Google Archives — Page 5 of 8


Since Harvard Forum II, we have been engaged in a low-key conversation about the liberating potential for ICTs, especially networks. For understandable reasons, the pace has picked up in recent times, especially in relation to the use of the kill switch by cornered tyrants. Now here’s a piece that is relevant to the discussion about the companies responsible for the networks we debate on and debate about: But three years later, the effort known as the Global Network Initiative has failed to attract any corporate members beyond the original three, limiting its impact and raising questions about its potential as a viable force for change. At the same time, the recent Middle East uprisings have highlighted the crucial role technology can play in the world’s most closed societies, which leaders of the initiative say makes their efforts even more important. “Recent events really show that the issues of freedom of expression and privacy are relevant to companies across the board in the technology sector,” said Susan Morgan, executive director of the initiative.

Another intra-Asia undersea cable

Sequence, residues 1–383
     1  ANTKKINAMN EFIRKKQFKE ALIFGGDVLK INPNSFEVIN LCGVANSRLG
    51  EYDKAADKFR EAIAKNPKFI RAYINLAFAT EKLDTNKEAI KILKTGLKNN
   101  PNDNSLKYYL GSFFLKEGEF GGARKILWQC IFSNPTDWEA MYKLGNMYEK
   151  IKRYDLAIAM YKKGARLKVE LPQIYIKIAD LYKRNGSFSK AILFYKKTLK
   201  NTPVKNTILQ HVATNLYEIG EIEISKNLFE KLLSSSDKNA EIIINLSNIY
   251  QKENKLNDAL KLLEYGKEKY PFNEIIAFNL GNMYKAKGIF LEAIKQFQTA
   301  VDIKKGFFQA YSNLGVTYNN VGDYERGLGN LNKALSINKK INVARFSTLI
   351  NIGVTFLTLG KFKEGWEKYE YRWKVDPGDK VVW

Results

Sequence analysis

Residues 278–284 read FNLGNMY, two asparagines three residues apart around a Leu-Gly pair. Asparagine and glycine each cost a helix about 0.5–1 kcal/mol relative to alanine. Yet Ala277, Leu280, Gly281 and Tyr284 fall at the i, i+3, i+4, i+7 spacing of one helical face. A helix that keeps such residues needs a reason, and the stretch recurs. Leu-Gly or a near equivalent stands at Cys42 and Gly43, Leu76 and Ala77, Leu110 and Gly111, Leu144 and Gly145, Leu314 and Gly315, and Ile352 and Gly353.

Posted on February 2, 2011  /  0 Comments

Connecting Asian countries is no longer the carriers’ headache; ensuring seamless connectivity is. In the recent past we have witnessed the emergence of Asia America Gateway and Google’s Unity followed by Southeast Asia Japan cable cables. Series of undersea earthquakes have been damaging the cables and disrupting the intra-Asian as well as inter-Asian voice and data connectivity. Now the Asian carriers have teamed up to roll-out another submarine cable called Asia Submarine-cable Express (ASE). It will bypass the earthquake-prone Taiwanese coast.
As the owner of a G1, I can afford a little smirk about the ascendancy of Android. But really, the bigger story from the perspective of the people at the BOP who are our prime constituency, is the Gartner prediction that this is the cross-over year for those accessing the Internet through mobiles, though of course, one has to interrogate the basis of the prediction. Google’s operating system for cellphones has overtaken Nokia’s Symbian system as the market leader, ending the Finnish company’s long reign, a British research firm said Monday. In the three months through December, manufacturers shipped 33.3 million cellphones running Android, Google’s free, open-source cellphone operating system, up from just 4.

Growing pains in developing apps

Posted on October 25, 2010  /  0 Comments